The New Jersey Supreme Court recently heard oral arguments in Whelan v. Armstrong International, which is predicted to have a significant impact on product liability law. The case involves whether a manufacturer has a duty to warn about the risk of harm from exposure to asbestos-containing replacement parts, even if the manufacturer did not fabricate or distribute those parts.
Facts of Whelan v. Armstrong International
Plaintiff Arthur Whelan contends that he developed mesothelioma as the result of his work-related exposure to numerous asbestos-containing products. He asserts, as a plumber and auto mechanic, he was exposed to asbestos in products manufactured by the defendants, specifically boilers, valves, steam traps, and brake drums. Although Whelan installed and worked with some original products manufactured by some defendants, he primarily encountered asbestos in his cleaning, repair, and replacement of components used in the products.
Defendants Armstrong International Inc., Burnham LLC, Carrier Corp., Cleaver-Brooks Inc., Crown Boiler Co., Ford Motor Co., Johnson Controls Inc., NIBCO Inc., and Oakfabco Inc. filed summary judgment motions. Each defendant argued that Whelan had not demonstrated exposure to friable asbestos on a regular and frequent basis from a product it sold, manufactured, supplied, or distributed. The trial judge found that the companies were not liable for asbestos-containing replacement parts they did not manufacture or place into the stream of commerce. Because Whelan could not identify an exposure to asbestos from a product actually manufactured or distributed by defendants, the court granted summary judgment to each defendant.
Appellate Division’s Decision in Whelan v. Armstrong International
The Appellate Division reversed. “We conclude that a duty to warn exists when the manufacturer’s product contains asbestos components, which are integral to the function of the product, and the manufacturer is aware that routine periodic maintenance of its product will require the replacement of those components with other asbestos-containing parts,” the court held.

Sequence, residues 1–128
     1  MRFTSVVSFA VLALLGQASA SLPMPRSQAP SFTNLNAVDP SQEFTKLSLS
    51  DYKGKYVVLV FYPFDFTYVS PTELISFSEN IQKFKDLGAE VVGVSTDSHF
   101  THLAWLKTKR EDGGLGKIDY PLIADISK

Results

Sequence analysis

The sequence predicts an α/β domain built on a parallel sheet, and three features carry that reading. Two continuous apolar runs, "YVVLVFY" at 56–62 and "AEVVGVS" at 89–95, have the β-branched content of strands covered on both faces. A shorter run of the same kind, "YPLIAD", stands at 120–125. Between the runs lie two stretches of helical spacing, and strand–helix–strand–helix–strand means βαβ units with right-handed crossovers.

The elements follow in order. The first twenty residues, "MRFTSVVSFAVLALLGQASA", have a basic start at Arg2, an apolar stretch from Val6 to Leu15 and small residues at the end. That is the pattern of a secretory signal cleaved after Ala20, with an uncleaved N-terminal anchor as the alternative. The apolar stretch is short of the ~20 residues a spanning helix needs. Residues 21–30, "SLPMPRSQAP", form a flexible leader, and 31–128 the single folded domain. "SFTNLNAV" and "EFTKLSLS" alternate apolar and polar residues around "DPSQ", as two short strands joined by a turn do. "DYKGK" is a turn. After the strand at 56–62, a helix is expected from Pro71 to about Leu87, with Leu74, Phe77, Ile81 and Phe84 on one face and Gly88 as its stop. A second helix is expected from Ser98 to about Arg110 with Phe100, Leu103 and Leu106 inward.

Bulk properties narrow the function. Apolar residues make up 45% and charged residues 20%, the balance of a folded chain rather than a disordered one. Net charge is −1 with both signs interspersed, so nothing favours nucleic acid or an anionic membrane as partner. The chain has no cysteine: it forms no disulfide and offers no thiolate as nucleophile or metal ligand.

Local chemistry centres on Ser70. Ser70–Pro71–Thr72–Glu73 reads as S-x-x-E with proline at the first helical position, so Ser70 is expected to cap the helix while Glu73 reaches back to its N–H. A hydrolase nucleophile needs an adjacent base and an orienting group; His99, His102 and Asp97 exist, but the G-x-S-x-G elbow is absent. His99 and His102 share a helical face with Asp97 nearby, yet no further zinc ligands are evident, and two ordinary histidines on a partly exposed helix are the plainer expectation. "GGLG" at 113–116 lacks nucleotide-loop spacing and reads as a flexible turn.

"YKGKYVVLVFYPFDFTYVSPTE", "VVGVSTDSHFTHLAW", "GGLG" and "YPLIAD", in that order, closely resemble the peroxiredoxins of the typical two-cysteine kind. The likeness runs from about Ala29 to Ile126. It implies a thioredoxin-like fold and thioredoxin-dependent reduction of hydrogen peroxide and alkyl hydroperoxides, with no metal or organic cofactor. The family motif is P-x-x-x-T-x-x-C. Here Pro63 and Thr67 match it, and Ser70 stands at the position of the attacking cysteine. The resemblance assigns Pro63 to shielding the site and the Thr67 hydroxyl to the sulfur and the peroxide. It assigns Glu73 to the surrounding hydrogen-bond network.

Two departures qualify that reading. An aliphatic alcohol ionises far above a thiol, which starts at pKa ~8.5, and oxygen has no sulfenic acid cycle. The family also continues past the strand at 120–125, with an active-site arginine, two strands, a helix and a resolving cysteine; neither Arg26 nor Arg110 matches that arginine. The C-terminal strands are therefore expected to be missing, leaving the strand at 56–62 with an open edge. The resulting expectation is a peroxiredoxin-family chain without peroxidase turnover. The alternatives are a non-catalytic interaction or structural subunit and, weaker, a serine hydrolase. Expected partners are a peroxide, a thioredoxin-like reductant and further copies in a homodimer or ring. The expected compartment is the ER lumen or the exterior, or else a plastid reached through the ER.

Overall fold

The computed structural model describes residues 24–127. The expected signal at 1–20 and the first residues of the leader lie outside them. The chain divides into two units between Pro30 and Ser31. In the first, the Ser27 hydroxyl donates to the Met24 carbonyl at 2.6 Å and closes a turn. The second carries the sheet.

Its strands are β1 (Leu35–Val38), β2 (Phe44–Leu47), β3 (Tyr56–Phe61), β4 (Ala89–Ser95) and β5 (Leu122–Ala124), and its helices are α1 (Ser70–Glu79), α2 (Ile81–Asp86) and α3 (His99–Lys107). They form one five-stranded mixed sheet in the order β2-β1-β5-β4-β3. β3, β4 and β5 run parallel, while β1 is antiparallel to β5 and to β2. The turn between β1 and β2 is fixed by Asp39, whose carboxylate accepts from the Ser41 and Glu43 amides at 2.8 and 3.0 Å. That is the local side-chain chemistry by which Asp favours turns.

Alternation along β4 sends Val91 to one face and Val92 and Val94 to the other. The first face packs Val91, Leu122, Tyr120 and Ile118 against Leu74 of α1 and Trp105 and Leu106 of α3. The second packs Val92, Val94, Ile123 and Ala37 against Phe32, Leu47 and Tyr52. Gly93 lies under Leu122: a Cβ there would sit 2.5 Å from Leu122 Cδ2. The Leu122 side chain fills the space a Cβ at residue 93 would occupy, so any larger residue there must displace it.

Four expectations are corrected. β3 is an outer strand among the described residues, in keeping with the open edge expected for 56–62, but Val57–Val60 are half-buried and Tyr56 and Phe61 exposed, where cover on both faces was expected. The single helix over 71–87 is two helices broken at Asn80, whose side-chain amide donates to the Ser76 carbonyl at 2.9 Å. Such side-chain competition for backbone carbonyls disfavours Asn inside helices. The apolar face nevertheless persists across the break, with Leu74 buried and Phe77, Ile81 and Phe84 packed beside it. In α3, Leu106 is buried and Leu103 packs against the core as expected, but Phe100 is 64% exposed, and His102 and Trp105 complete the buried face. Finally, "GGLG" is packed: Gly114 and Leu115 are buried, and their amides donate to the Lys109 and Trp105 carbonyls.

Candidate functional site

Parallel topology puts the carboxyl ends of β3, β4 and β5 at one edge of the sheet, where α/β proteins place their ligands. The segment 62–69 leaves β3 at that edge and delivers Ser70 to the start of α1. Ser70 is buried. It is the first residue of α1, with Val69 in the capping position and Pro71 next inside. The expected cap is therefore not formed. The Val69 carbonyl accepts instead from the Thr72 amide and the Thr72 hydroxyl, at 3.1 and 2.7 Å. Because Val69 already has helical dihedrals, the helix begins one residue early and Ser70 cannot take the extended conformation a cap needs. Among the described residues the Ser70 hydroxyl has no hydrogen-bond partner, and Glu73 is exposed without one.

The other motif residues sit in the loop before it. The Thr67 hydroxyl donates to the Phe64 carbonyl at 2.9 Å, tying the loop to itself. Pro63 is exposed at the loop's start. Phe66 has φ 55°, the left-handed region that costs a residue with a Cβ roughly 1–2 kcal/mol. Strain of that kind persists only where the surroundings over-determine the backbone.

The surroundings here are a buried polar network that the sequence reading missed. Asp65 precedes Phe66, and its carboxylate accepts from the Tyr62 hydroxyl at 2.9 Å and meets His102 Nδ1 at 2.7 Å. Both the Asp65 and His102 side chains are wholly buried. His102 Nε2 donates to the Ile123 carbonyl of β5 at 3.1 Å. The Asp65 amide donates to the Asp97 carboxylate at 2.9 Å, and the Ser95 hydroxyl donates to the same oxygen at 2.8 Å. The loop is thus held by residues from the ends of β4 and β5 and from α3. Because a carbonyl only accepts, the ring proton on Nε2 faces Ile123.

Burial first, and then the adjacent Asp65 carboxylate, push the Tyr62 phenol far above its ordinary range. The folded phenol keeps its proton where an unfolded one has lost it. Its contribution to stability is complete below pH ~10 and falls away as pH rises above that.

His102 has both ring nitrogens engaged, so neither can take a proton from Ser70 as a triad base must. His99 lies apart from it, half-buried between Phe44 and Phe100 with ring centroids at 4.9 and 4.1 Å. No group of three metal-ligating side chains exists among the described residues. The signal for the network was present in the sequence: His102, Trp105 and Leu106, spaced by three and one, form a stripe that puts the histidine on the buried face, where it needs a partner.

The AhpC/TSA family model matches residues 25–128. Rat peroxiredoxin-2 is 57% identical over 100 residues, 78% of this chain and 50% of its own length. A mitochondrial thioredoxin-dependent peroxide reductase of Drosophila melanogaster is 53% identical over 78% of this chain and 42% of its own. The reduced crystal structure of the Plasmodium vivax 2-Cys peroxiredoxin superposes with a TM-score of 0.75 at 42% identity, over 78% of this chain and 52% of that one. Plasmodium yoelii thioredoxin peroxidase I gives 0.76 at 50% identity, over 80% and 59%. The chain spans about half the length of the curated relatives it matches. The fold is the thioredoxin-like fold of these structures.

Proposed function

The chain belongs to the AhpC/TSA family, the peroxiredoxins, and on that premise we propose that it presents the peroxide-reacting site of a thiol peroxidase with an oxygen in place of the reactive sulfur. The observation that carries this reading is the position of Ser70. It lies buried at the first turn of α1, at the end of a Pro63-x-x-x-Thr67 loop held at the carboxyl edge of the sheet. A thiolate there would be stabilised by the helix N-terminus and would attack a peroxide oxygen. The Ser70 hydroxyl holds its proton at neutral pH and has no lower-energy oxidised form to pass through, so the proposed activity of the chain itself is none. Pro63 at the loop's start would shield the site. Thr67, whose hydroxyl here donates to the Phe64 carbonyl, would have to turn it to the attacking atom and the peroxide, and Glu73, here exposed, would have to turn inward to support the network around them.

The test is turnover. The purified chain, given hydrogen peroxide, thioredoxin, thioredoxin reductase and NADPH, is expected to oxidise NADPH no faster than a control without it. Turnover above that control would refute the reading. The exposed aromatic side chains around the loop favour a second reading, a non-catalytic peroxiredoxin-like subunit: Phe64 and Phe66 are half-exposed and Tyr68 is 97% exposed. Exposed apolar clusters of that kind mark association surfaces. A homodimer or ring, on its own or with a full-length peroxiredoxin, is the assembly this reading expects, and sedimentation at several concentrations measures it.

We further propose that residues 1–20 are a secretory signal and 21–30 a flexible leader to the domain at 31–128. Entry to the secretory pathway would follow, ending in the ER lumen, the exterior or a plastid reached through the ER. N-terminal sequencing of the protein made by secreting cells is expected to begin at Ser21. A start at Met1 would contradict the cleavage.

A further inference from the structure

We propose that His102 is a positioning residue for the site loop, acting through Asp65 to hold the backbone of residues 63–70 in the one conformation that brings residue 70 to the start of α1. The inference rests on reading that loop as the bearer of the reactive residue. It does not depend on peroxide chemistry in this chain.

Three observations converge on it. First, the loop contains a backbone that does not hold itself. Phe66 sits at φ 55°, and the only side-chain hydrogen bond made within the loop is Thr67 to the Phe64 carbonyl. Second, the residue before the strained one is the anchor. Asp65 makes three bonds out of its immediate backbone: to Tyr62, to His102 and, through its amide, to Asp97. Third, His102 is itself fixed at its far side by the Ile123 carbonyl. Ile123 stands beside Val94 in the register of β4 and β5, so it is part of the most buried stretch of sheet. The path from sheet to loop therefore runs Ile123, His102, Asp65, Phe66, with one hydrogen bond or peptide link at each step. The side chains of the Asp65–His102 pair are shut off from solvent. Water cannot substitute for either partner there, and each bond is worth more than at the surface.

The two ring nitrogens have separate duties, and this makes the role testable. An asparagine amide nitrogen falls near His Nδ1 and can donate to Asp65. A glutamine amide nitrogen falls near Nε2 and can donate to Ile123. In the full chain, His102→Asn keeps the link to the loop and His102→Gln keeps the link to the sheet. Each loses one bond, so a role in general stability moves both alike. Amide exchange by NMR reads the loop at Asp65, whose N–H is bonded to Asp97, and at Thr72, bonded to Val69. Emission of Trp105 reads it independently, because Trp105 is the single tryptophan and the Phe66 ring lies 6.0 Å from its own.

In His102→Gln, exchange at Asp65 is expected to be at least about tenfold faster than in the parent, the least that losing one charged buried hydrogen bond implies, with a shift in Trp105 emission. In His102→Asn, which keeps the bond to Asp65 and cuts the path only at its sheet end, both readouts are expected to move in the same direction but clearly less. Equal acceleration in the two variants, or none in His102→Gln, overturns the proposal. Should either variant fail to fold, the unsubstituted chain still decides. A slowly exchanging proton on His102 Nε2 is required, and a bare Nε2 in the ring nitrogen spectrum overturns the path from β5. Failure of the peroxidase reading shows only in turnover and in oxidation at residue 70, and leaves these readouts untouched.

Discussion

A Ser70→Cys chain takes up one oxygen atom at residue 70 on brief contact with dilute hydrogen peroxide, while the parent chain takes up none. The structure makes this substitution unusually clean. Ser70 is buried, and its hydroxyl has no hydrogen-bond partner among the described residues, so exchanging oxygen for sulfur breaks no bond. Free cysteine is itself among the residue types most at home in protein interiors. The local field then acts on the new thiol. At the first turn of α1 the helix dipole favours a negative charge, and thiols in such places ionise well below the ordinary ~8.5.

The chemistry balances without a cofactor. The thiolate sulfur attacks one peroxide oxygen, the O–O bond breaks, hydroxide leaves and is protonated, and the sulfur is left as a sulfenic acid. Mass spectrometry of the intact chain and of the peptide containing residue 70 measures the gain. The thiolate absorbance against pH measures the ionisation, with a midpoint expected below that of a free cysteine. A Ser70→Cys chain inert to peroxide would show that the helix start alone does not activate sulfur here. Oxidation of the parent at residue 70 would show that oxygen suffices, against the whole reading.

As explained by the court, a manufacturer will have a duty to warn in strict liability if a plaintiff can show: 1) the manufacturer’s product as marketed to the end user contained asbestos-containing components; 2) the asbestos-containing components were integral to the function of the product; and 3) the manufacturer was reasonably aware its product would require periodic and routine maintenance involving the replacement of the asbestos-containing component parts with other asbestos-containing component parts.
In reaching its decision, the Appellate Division stated that it was “satisfied the imposition of such a duty does not offend basic principles of fairness and public policy that must be accorded to all parties.” It also noted that while there is no clear majority rule among other appellate state courts as to a manufacturer’s duty to warn for exposure to asbestos-containing replacement component parts required for the function of its product, the “recent trend, however, appears skewed towards the imposition of liability on manufacturers even where the worker’s exposure was to replacement parts, where the original product was manufactured with asbestos-containing parts.”
Issues Before Supreme Court in Whelan v. Armstrong International
The New Jersey Supreme Court agreed to consider the following question: “In a products liability case arising out of exposure to asbestos, does a manufacturer have a duty to warn about the risk of harm from exposure to asbestos-containing replacement parts integral to the function of the manufacturer’s product, where the manufacturer did not fabricate or distribute the replacement parts?”
The court heard oral arguments on November 19, 2019. In urging the justices to overturn the Appellate Division decision, the companies argued that its decision “contravenes decades of precedent.”
“The Appellate Division allowing plaintiffs to prove medical causation by exposure to third-party asbestos contravenes decades of precedent requiring exposure to asbestos the defendant actually made or sold, not asbestos that happened to be installed in or used with its products,” the companies’ attorney argued to the court.
Meanwhile, Whelan’s attorney argued that the Appellate Division’s decision was correct. “The policy reasons for imposing duty to warn here are significant,” he argued. “Defendants are in the best position as masters of their equipment to put [out] a warning.”